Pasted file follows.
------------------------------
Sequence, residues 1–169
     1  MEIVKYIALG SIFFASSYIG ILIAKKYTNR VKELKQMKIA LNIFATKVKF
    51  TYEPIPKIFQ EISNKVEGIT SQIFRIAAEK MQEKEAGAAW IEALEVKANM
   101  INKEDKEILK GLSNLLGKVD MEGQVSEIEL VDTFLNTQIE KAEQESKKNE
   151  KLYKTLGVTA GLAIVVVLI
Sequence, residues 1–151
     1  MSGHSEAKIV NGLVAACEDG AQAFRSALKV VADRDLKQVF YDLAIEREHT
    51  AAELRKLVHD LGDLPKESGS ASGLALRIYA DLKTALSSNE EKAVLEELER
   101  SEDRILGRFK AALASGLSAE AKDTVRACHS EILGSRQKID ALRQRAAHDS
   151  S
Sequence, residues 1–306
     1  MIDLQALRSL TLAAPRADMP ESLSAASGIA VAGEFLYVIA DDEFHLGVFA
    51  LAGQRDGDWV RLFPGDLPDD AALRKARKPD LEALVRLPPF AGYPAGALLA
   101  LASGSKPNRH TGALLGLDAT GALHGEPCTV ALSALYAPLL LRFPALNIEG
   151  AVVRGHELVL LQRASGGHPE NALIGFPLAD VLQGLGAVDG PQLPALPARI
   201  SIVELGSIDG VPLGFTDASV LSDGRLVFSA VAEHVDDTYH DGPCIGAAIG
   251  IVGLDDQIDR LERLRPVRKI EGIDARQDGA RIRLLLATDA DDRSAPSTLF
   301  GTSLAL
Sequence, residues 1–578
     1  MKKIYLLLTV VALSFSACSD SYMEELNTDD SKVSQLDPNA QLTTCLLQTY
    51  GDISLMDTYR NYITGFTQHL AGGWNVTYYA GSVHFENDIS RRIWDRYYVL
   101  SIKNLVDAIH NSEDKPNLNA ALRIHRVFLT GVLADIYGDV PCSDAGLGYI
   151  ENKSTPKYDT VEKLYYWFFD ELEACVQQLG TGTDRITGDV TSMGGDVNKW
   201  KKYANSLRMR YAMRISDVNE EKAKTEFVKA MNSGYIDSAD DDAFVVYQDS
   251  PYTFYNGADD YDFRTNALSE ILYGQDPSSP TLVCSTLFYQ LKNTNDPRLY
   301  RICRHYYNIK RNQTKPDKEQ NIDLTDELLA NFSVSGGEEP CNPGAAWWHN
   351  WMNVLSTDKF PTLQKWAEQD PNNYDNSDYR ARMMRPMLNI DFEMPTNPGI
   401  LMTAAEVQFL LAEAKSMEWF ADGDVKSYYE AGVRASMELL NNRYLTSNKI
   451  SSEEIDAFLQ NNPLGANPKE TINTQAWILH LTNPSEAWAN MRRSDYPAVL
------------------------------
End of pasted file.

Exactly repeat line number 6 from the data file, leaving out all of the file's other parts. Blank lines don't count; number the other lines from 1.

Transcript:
Sequence, residues 1–151